I’m Caring For Someone With Anxiety

Anxiety is what we feel when we are scared and think that something bad might happen. Some anxiety from time to time is normal. But for some people, anxiety can last for weeks or months and develop into a constant sense of dread.

When anxiety takes over a person’s everyday life, they may have an anxiety disorder, which can lead to restlessness, difficulty concentrating, irritability, muscle tension, headache, fatigue and sleep disturbances. Anxiety can interrupt or even stop people from participating in a variety of activities such as attending school, working, socializing, athletic or recreational activities, being in relationships, and more.

Bursts of strong anxiety or fear are called panic attacks. If the person you are providing care for experiences panic attacks, it can be very intense and scary for you both. Their symptoms may include:

  • An overwhelming sense of dread or fear
  • Feeling like their heart is beating very quickly or loudly
  • Feeling shaky, dizzy or faint
  • Feeling like they cannot breathe
  • Feeling like they need to escape or run away
  • Feeling like they may be having a heart attack or dying
  • Coping Strategies

    Seek professional help

    Talk to a healthcare professional about treatment options, which may include medications and/or being referred to a mental health professional. A mental health professional can help your care recipient work through their thoughts, emotions, behaviours and triggers. To help the healthcare team determine the best treatment options, be sure to write down the symptoms and behaviours of the person you’re caring for.

    Learn as much as you can

    If you are able to, go to medical appointments with your care recipient, and bring a list of questions with you for their healthcare team. Research anxiety disorders, what to expect and ways to cope. Check out our tips for how to find credible information. You can also reach out to our 24/7 caregiver helpline at 1-833-416-2273 (CARE) for help accessing resources.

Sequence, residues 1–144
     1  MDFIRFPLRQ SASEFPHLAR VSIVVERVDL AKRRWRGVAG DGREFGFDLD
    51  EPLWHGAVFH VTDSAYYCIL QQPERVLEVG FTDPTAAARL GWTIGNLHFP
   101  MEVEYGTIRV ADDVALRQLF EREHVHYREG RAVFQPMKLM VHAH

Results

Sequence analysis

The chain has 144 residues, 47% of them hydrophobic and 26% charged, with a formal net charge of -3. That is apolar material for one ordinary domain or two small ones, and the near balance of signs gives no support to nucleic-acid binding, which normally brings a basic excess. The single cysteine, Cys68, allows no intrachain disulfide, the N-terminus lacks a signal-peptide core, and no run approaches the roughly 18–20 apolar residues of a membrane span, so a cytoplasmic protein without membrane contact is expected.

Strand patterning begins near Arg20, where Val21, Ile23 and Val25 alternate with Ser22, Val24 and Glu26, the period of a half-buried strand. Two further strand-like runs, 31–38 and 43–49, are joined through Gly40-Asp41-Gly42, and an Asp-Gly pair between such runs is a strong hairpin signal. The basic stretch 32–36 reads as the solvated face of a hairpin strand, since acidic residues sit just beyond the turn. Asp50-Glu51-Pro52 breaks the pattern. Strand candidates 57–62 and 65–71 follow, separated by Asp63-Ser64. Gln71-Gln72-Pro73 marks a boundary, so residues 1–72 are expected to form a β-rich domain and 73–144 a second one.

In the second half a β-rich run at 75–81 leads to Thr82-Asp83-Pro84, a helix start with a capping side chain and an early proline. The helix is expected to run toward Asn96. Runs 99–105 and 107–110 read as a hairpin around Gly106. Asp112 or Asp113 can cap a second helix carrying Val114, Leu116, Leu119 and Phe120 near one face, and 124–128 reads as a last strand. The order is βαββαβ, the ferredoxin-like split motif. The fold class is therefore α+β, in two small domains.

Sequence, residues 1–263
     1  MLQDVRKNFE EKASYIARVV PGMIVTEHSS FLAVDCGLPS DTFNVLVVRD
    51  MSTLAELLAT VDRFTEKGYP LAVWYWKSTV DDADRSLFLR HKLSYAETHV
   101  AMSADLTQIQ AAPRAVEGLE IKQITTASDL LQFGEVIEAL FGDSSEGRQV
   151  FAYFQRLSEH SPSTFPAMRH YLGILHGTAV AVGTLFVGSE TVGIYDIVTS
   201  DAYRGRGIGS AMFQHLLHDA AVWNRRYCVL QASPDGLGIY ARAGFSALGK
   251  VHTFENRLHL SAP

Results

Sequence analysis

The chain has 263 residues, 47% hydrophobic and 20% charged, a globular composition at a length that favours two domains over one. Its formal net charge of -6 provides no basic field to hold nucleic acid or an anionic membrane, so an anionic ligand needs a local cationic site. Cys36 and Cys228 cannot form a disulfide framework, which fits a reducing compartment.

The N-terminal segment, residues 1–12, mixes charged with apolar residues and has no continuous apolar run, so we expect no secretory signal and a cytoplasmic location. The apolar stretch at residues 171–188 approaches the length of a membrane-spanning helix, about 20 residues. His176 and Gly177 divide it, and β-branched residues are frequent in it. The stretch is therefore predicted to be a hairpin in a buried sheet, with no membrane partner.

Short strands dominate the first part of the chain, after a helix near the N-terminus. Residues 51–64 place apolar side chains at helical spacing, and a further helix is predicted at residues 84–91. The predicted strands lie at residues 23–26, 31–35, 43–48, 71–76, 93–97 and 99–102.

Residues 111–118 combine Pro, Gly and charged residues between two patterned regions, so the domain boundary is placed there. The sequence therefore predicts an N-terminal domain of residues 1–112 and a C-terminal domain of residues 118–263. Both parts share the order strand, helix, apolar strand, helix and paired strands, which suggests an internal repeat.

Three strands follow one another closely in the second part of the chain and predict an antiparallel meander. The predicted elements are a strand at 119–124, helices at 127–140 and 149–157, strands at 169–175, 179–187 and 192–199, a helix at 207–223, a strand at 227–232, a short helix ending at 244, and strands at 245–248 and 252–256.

Help them practise relaxation techniques
    Breathing exercises, meditation, guided imagery, yoga, tai chi and other relaxation techniques can help lower anxiety and stress levels. Various books and online videos are available, and you can also ask your care recipient’s healthcare team for recommended techniques and resources.

    Encourage self-care

    Regular exercise, eating well, getting enough sleep, spending time with friends and family, and limiting the use of alcohol and other drugs can help reduce anxiety in some people.

    Support groups

    Your care recipient may benefit from joining a support group for people with anxiety disorders.

  • Get Help

    Get help:

    • Connect with Bounceback – a free skill-building program designed to help youth 15+ and adults manage symptoms of depression and anxiety
    • Reach out to ConnexOntario for free health services information for people experiencing problems with mental illness, alcohol or drugs at or call 1-866-531-2600. This is available 24/7.
    • Contact the Kids Help Phone – visit, call 1-800-668-6868 or text 686868. This is available 24/7 and offers support through live chat, text, and phone.
    • Connect with other young caregivers in our online peer support group or be part of the conversation in our online forum

Not sure where to start? Call our 24/7 helpline or talk to us in our live chat to find resources in your community.